Memorial Day ‘reminds us that freedom isn’t free’

Island remembers those lost in service to their country.


“Somebody smiled on us after two years of rain,” laughed Dukes County Veteran Agent Jo Ann Murphy to the dozens of people gathered in Tisbury Monday morning for the annual Memorial Day Parade.

Veterans of the armed forces, police, firefighters, members of the American Legion and the American Legion Auxiliary, Boy Scouts, and Girl Scouts joined together to remember those who made the ultimate sacrifice, giving their lives for their country, in a parade along Pine Tree Road and into Oak Grove Cemetery, where for the 27th year, the avenue of flags, 450 strong, fluttered in the wind.

As they prepared to step off from the American Legion at 10:30 am, participants caught up with one another and discussed the significance of the day. Patrick Fries, a U.S. Marine Corps veteran of Vietnam, is a visitor to the Island who joins in the parade each year when he visits.

“At home, I ran a lot of these parades; now, I’m lucky to get to take part in them,” Fries said. “It means a lot.”

Griffin Craig proudly wore a hat from the USS Saratoga, as he hugged his father waiting for the parade to start. James Craig is a police officer in Edgartown, and was a helicopter pilot in the U.S. Navy. He has been taking part in the parade for 25 years, ever since he returned to the Island in 1994. Griffin was wearing his hat.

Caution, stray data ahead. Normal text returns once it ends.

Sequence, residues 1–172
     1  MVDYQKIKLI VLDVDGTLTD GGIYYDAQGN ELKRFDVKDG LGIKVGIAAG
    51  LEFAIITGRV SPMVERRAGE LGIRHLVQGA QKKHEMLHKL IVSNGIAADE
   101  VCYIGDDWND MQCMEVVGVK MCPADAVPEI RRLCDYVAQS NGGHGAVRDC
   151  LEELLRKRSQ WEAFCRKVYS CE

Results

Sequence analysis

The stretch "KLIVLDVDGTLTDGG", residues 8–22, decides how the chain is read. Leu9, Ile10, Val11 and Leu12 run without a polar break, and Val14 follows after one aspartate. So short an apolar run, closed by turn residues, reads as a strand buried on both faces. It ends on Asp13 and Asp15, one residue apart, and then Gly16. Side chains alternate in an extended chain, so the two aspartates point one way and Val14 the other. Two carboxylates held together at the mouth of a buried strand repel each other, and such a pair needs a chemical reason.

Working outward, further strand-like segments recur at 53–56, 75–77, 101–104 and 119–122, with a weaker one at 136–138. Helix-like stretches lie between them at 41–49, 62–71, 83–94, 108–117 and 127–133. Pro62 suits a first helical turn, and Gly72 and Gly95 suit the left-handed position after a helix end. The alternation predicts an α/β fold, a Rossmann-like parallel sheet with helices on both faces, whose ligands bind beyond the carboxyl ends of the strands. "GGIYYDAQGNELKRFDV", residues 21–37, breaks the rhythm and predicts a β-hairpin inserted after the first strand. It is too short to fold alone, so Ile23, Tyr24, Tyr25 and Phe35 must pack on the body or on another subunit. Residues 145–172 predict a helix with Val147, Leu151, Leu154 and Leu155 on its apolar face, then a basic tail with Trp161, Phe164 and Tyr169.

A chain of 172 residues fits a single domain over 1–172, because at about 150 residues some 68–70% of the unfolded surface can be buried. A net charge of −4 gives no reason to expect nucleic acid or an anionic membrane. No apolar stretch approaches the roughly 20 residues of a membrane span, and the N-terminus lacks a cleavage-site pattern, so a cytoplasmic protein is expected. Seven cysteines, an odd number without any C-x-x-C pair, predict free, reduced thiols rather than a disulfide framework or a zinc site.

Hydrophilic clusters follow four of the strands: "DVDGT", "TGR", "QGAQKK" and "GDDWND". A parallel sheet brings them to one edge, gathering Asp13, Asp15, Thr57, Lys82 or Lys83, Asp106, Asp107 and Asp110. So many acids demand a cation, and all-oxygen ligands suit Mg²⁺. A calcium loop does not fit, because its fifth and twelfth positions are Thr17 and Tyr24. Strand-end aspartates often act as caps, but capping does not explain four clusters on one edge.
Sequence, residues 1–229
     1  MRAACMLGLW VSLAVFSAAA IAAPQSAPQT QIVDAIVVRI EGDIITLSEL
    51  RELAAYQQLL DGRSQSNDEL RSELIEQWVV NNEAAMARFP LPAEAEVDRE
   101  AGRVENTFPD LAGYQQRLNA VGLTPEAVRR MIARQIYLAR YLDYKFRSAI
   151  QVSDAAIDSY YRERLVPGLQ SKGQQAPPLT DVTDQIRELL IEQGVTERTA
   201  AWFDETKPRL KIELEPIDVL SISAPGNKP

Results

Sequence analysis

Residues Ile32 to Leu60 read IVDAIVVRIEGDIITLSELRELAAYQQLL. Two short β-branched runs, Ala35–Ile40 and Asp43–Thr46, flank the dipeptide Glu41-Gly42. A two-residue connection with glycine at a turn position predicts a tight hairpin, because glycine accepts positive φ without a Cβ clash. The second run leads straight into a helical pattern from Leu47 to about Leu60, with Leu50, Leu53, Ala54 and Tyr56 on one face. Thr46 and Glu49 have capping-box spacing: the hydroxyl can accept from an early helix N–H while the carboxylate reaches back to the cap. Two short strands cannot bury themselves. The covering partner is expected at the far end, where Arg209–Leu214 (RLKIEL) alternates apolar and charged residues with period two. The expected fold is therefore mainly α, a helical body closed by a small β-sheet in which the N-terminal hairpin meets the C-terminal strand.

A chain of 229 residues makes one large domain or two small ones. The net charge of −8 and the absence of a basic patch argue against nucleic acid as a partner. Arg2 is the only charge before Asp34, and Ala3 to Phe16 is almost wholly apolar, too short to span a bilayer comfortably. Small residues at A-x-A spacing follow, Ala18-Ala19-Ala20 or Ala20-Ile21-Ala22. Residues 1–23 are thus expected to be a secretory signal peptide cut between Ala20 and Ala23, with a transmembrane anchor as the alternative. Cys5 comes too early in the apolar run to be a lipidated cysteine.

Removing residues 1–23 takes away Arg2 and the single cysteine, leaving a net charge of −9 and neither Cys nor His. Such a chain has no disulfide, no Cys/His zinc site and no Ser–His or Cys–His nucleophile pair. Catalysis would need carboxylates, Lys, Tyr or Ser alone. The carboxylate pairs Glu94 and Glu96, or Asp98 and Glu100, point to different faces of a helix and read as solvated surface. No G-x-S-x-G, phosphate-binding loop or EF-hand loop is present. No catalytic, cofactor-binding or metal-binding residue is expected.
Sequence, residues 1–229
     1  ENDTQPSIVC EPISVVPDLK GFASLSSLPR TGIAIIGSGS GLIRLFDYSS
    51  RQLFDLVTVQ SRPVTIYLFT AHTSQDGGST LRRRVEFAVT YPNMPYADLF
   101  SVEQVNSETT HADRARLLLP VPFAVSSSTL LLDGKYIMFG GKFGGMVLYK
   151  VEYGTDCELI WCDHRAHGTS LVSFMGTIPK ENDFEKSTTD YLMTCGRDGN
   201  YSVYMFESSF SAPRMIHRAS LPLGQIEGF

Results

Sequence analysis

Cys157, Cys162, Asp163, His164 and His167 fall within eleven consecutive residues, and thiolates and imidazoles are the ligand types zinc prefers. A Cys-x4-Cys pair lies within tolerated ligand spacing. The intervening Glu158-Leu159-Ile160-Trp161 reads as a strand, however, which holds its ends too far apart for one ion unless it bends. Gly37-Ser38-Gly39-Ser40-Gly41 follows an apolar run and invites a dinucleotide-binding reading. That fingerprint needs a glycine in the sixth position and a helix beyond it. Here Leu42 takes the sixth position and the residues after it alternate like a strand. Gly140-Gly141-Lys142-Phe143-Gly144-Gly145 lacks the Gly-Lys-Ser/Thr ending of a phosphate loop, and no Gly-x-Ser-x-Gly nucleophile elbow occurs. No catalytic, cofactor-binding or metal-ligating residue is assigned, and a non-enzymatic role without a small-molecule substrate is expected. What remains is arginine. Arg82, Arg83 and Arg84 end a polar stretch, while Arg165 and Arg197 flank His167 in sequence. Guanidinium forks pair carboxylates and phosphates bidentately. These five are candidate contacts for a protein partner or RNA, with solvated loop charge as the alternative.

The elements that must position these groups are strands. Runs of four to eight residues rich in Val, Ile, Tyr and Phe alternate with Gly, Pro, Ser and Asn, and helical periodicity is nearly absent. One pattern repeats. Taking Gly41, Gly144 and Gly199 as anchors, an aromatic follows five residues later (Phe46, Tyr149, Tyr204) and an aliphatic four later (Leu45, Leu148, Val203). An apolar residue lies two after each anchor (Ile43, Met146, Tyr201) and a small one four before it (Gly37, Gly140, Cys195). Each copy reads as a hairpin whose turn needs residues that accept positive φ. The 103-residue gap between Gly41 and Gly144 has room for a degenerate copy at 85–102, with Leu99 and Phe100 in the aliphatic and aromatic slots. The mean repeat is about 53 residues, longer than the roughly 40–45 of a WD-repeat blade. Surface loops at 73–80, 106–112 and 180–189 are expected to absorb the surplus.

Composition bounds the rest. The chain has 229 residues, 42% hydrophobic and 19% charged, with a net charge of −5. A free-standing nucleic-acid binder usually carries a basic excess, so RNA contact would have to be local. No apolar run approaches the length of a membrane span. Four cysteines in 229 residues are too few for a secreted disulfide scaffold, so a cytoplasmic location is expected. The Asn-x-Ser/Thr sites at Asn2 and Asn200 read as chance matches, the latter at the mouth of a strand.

“You know, I say to my family and friends, it’s OK if you can’t come out for Veterans Day, or Armed Forces Day, but Memorial Day is different. Memorial Day isn’t about us. I make sure that my family and friends show up,” James Craig said.

As the parade made its way down the street to the tune of Edgartown Police Chief Bruce McNamee’s bagpipes, onlookers cheered and waved flags in support.

At the ceremony in Oak Grove Cemetery, U.S. Marine veteran Jeff Spear, who fought in the battle of Khe Sahn and received a Purple Heart for his service, reminded the crowd what Memorial Day means, through its history and intimate significance for many. Of importance to Spear is the one-minute moment of pause, to remember those lost in the line of duty, one of his favorite tributes being the blasting of the Amtrak horns for that whole minute, a tradition upheld to this day.

“It puzzles me when people thank me for my service on this day,” Spear said. “This day is for those who are not here to celebrate with us.”

For many, this last Monday of May means the beginning of summer, evident in the number of tourists who flocked to the Vineyard in droves this past weekend. Spear reminded the crowd that while there may be two minds on the significance of the weekend, the one that matters is that which honors the 1.3 million who have given the ultimate sacrifice.

In 1968, Spear had to carry the body of his buddy, Charlie, to the CH46 chopper waiting to take away the dead Marines killed in Khe Sahn. For him, the day signifies not only his firsthand experience and reverence for those who gave their lives, but all the “good DNA lost, and all the family members who never were.”

“Memorial Day reminds us that freedom isn’t free,” said Spear, reminding those gathered to take pause this afternoon, “and maybe even listen for that Amtrak whistle blowing.”


Comments are closed.